Syria, Part 6: Syria and Its Neighbors

Syria, like any other nation, has a complex system of alliances and enmities with its neighbors, all of which have influenced, and in turn, been influenced by the ongoing revolution. Those relationships can determine the effect of the revolution on the countries that border Syria. This blog aims to explore the profound effect of Syria’s revolution on its neighboring countries and their relationships with Syria.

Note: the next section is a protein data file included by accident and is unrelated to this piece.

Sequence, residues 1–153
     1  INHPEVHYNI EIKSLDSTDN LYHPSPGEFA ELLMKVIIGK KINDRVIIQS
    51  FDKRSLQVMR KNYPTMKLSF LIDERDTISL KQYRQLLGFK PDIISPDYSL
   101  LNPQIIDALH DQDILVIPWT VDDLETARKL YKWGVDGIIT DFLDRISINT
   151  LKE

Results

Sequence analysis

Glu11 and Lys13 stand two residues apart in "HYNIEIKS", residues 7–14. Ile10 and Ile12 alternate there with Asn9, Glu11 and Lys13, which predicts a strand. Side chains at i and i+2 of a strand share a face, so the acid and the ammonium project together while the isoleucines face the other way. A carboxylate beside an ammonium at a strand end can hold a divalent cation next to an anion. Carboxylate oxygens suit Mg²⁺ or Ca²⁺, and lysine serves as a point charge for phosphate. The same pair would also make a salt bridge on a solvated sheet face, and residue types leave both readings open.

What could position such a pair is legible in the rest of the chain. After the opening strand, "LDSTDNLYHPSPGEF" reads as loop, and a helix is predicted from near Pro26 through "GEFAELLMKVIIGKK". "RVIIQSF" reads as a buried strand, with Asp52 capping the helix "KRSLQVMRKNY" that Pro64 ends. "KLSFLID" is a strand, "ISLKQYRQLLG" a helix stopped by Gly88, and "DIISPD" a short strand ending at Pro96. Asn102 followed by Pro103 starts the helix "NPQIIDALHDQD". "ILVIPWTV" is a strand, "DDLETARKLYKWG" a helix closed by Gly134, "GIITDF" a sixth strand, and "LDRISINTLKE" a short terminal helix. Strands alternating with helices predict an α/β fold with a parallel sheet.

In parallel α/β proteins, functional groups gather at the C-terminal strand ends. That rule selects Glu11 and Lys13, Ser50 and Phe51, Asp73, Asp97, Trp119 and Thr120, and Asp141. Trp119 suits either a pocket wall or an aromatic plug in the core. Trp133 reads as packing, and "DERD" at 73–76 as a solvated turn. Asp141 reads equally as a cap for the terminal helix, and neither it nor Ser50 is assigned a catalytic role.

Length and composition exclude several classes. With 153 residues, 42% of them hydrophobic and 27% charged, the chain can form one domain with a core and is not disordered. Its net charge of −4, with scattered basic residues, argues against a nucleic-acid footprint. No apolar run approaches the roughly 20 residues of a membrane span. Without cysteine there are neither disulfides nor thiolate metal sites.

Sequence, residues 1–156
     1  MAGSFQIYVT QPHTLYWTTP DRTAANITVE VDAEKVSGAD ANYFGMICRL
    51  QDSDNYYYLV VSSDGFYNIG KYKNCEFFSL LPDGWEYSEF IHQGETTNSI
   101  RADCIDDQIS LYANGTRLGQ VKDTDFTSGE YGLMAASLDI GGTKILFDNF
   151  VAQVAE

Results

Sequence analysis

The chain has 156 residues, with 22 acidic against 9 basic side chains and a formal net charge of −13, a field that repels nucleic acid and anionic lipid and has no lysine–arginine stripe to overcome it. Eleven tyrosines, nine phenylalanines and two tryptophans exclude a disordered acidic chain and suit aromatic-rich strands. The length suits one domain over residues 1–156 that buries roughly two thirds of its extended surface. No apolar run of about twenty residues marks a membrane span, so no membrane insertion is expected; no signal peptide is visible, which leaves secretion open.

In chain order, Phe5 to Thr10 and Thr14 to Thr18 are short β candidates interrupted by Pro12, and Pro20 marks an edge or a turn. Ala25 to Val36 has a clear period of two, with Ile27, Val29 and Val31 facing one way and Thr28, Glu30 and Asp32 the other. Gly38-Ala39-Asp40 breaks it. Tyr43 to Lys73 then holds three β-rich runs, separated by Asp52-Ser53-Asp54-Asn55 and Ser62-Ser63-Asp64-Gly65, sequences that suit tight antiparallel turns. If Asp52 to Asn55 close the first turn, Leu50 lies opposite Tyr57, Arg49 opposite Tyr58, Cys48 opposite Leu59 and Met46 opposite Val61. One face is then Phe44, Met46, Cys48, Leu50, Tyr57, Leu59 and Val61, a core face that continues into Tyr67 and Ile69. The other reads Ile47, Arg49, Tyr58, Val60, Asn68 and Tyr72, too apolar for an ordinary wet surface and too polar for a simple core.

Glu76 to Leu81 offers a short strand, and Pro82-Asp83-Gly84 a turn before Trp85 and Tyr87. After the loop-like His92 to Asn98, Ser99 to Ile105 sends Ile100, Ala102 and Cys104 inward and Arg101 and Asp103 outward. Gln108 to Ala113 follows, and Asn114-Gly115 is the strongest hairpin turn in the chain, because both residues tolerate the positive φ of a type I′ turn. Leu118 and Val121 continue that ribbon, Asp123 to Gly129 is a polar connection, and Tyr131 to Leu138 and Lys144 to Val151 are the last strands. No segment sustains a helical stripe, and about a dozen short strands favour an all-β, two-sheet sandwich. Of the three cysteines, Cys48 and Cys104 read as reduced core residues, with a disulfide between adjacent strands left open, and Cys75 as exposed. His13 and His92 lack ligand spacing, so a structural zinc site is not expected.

Lebanon’s relationship with the Assad regime is one of the most complex of those in the Middle East. Because of its shared border with Syria, it has seen a large number of refugees from the Syrian conflict, which has increased already-present tensions in the country. Lebanonis particularly susceptible to strife between conflicting religions and ethnicities because that stress already exists within Lebanon’s borders. The majority of the inhabitants are Sunni Muslims who support the revolution that originated mostly with the Sunnis in Syria. However, as in Syria, there is a small but strong minority of Alawites who support the Assad regime. These Alawites worked with Syrian officials during the Syrian occupation of Lebanon between 1976 and 2005, and the current Alawite party is linked to Damascusthrough arms shipments (BBC News). Further complicating the situation, the Alawites are connected with the Shia group Hezbollah, which has significant influence in the government of Lebanonand is strongly connected with the Assad regime. Hezbollah stands not only Shia Islam, but many minority parties that need protection. The influx of people from the Syrian revolution, a conflict primarily between Alawites and Sunnis, has heightened tensions between the two groups.